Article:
The next few months were an intense period of studio development, working with our technicians Harry Taylor and Chris Ball. We undertook international residencies at STEIM in Amsterdam investigating the light sensor interface and at Music Makers Hacklab for CTM Festival in Berlin, based at Native Instruments and performing for the closing event of the festival at Hau2. By the end of the project we had developed eight distinct noise circuits; these were Polyphonic Light Delay, Light drum sequencer, Randomised Light, Double VCO, Little Mean Machine, drone, Randomised Machine/White Noise.

Music Tech Industry Research:  

We investigated  the international music tech market, characterised by a resurgence of analog synthesizers (reissues from leading companies such as Korg), a growth in the boutique synth market, the explosion of Eurorack system of modular synthesisers, and a return to hardware synth products (alternative to soft synths) – looking at hybrid methods of workflow. Research took place through attending Synth Fest UK, Schneiders Laden (Berlin) and ‘Designing creative interfaces for music’ conference in Brighton. This made us aware of the creative landscape, new products  and also the academic research and cultural policies innovating the sector, such as the brilliant #Musicbricks from Music Tech Fest and EU funded project Giant Steps demonstrated the growing interest in the pursuit of new creative interfaces for electronic music.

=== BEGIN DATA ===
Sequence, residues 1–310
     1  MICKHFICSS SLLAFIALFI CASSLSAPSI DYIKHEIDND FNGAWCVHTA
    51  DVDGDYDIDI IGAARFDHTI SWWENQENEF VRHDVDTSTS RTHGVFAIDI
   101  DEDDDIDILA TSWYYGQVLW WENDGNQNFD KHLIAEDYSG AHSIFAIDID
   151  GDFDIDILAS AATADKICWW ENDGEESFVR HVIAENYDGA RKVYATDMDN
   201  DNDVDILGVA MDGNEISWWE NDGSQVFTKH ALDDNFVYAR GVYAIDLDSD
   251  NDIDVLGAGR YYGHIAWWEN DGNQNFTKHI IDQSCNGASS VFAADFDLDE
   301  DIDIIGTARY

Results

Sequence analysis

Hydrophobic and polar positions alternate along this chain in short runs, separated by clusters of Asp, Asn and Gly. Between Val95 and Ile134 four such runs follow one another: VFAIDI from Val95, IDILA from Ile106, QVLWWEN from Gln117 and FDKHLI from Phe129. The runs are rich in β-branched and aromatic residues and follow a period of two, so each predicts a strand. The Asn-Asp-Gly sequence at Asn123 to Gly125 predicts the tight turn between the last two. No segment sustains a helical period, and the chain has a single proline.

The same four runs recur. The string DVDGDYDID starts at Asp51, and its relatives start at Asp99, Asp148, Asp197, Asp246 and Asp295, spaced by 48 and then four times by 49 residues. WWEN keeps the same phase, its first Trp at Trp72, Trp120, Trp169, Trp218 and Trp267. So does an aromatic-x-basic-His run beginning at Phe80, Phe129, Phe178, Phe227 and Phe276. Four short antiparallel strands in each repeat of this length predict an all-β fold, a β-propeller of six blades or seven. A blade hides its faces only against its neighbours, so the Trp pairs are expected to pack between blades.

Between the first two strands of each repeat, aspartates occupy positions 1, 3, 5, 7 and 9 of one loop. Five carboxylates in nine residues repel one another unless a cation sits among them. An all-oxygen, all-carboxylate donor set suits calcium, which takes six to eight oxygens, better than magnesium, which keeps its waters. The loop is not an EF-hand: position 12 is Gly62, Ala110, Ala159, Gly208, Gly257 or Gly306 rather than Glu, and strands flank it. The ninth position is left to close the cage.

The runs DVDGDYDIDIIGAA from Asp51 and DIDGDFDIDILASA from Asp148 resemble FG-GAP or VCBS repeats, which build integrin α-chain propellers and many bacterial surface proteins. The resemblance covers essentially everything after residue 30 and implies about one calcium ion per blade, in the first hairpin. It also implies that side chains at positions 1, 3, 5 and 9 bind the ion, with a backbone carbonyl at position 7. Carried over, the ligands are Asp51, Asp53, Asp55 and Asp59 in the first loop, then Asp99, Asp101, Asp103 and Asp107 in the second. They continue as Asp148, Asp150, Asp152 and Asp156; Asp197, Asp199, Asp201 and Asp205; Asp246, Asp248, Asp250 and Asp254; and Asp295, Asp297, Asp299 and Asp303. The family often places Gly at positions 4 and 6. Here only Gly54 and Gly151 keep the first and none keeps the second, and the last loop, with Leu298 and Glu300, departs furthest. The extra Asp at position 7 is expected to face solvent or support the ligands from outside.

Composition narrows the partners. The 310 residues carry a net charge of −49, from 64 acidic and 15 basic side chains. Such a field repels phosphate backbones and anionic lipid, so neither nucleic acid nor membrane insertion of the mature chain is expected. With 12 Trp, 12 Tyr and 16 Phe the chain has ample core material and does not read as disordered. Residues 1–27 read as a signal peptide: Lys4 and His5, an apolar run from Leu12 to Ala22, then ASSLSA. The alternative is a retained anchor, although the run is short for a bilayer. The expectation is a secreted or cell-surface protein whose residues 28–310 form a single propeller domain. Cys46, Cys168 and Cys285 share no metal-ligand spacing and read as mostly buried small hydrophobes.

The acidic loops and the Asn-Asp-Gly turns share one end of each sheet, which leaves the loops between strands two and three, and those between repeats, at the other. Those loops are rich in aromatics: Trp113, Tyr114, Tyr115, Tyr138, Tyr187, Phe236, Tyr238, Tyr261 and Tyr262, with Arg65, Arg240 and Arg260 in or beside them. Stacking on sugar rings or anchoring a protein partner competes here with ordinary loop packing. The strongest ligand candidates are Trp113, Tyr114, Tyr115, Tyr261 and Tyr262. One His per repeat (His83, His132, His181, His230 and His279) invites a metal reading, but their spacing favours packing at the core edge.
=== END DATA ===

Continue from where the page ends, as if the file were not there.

Community and Open Source:

One interesting dynamic of the project was the open source nature of the sector, with people keen to share schematics, discuss circuit design and collaborate through online forums, social media, hacklabs and sound art networks. This sense of DIY was really important to us, and a culture we actively encouraged through an open studio approach, and sharing our work online through posting our circuit updates with short videos on social media. We were bowled over by the support and interest in the concept – and we felt a noise community had started to develop!

Live Demo:

As a culmination to the R&D study and to test the stage two prototypes, we held a live demo performance at Manchester’s specialist AV venue Texture. The artists we invited to rehearse and perform with the machines represented different musical styles and musical set ups which we thought would produce a good testing platform for the machines in a live context. These included:

  • Dan Valentine: Dan sampled our double VCO and used light modulation to create his live piece with Ableton and live effects processing.
  • Andrea Pazos: A visual artist who created real time live visuals using Isadora.
  • Tech Hermits: MJ and Brandon used Pure Data patches, video feedback loops and Ableton.